In the 1940s, publishing got hit simultaneously with the rise of the paperback and government rationing of paper stock. Publishers quickly realized that printing more but thinner titles was more profitable than fewer and fatter titles. Paperbacks were unwieldy when they got too thick and also tended to break in half because bindings couldn’t handle the stress. Also, all paperbacks sold for a standard 25 cents. More pages meant more costs with less of a hope of a return.

And tastes were also changing. People were living faster paced lives, with less time for reading. And, after the war, the noir effect arose: people turned to stripped-down, fast-moving adventure tales.

For most of the 50s and 60s genre books were churned out in quantity, even by the top quality authors. Again, part of it was money: the majority of genre books were now paperback originals rather than reprints of hardbacks. Nobody had money. Publishers fit manuscripts to formats. There’s a story about a Philip Jose Farmer novel that just stops in mid-page because his publisher’s profit point was 188 pages. If a manuscript ran long it got cut. This one got axed.

But somewhere around the 70s, a funny thing happened. People started realizing that these genre novelists were actually pretty good. Some of them were even great. And they started selling so much that they moved from original paperbacks to hardbacks, and then became hardback bestsellers. I could mention dozens of names, from Ed McBain to Donald Westlake to Ross Macdonald to John MacDonald in mysteries; Len Deighton, John LeCarre in spy thrillers; Robert Heinlein and Isaac Asimov and Anne McCaffrey in sf. Some guy named Tolkien inspired a whole new wave of fantasies, too.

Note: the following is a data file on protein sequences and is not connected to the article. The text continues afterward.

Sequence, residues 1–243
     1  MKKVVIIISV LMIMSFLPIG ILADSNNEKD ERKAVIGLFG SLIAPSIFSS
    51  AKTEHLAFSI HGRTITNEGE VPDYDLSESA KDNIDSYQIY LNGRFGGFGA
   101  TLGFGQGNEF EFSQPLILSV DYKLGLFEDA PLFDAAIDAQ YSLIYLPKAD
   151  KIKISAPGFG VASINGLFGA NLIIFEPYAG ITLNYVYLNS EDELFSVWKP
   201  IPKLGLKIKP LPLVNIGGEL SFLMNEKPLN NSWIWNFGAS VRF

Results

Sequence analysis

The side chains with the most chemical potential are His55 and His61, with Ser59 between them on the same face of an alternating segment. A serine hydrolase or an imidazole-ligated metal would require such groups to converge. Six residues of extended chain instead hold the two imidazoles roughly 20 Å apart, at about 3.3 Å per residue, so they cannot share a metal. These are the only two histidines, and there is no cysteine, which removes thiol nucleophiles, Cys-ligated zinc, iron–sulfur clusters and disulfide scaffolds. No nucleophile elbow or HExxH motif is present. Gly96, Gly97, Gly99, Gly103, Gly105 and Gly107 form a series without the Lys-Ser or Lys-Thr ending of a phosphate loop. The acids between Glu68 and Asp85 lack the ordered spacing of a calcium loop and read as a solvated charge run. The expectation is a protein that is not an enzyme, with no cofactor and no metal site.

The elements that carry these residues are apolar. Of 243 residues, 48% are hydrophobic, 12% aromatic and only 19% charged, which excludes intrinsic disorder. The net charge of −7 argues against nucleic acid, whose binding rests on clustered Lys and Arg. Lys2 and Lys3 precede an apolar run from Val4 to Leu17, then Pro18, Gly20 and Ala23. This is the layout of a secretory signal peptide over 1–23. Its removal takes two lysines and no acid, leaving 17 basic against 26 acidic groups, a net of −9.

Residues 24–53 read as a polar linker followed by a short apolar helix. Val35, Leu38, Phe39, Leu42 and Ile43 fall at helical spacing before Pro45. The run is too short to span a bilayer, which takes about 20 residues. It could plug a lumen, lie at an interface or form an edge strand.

But whether perception or reality, publishers thought that the public wouldn’t accept 200-page books at bestseller prices. Heft equaled value. And many writers, perhaps all of the above named and a bunch more, were told to write 400-page books. And most of them didn’t know how, so they wrote 200 page plots with bloat.

The 80s saw the rise of “world-building” fiction. After Star Wars and Star Trek and Tolkien, publishers saw that readers wanted to inhabit favorite worlds for as long as they could escape into them. So trilogies were hatched, and got longer and fatter, and turned into series, and writers who could have been working on their own fiction got seduced (seduce me, please!) into what is derisively called sharecropping, writing books in other people’s worlds.

And it keeps happening and happening. For a good laugh, line up the Harry Potter books next to one another and realize how tiny the first one now seems.

And in the meantime there rose what has to be called a genre of bestsellers. Stephen King and Michael Crichton and John Grisham and Danielle Steel and Nora Roberts write genre, but it’s no longer considered that. They do a certain type of book and it sells like crazy and it’s fatter than your hand can hold because they have so much power that no editor dares edit that necessary hundred pages out of their prose. And you can change whatever you want for a guaranteed bestseller, because you always get your money back.